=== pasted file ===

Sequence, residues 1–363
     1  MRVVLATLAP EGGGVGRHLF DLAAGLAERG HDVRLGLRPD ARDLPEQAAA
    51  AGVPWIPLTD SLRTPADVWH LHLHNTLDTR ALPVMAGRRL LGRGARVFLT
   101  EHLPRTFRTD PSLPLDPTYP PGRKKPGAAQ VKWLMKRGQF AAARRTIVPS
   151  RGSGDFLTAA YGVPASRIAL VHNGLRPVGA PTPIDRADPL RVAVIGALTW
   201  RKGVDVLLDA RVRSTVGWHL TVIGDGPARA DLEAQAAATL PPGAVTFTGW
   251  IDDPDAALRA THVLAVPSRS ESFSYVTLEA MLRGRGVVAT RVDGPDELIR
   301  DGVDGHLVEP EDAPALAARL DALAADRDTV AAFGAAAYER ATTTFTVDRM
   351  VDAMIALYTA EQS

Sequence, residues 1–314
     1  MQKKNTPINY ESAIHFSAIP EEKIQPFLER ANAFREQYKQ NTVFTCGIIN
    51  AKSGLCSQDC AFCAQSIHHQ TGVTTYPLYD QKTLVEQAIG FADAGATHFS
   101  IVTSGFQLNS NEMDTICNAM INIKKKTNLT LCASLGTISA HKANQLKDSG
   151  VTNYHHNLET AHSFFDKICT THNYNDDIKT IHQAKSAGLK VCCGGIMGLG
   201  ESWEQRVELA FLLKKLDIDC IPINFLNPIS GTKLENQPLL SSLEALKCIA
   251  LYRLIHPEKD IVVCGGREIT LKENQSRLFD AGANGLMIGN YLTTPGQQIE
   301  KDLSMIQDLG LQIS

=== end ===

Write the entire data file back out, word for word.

Sequence, residues 1–363
     1  MRVVLATLAP EGGGVGRHLF DLAAGLAERG HDVRLGLRPD ARDLPEQAAA
    51  AGVPWIPLTD SLRTPADVWH LHLHNTLDTR ALPVMAGRRL LGRGARVFLT
   101  EHLPRTFRTD PSLPLDPTYP PGRKKPGAAQ VKWLMKRGQF AAARRTIVPS
   151  RGSGDFLTAA YGVPASRIAL VHNGLRPVGA PTPIDRADPL RVAVIGALTW
   201  RKGVDVLLDA RVRSTVGWHL TVIGDGPARA DLEAQAAATL PPGAVTFTGW
   251  IDDPDAALRA THVLAVPSRS ESFSYVTLEA MLRGRGVVAT RVDGPDELIR
   301  DGVDGHLVEP EDAPALAARL DALAADRDTV AAFGAAAYER ATTTFTVDRM
   351  VDAMIALYTA EQS

Sequence, residues 1–314
     1  MQKKNTPINY ESAIHFSAIP EEKIQPFLER ANAFREQYKQ NTVFTCGIIN
    51  AKSGLCSQDC AFCAQSIHHQ TGVTTYPLYD QKTLVEQAIG FADAGATHFS
   101  IVTSGFQLNS NEMDTICNAM INIKKKTNLT LCASLGTISA HKANQLKDSG
   151  VTNYHHNLET AHSFFDKICT THNYNDDIKT IHQAKSAGLK VCCGGIMGLG
   201  ESWEQRVELA FLLKKLDIDC IPINFLNPIS GTKLENQPLL SSLEALKCIA
   251  LYRLIHPEKD IVVCGGREIT LKENQSRLFD AGANGLMIGN YLTTPGQQIE
   301  KDLSMIQDLG LQIS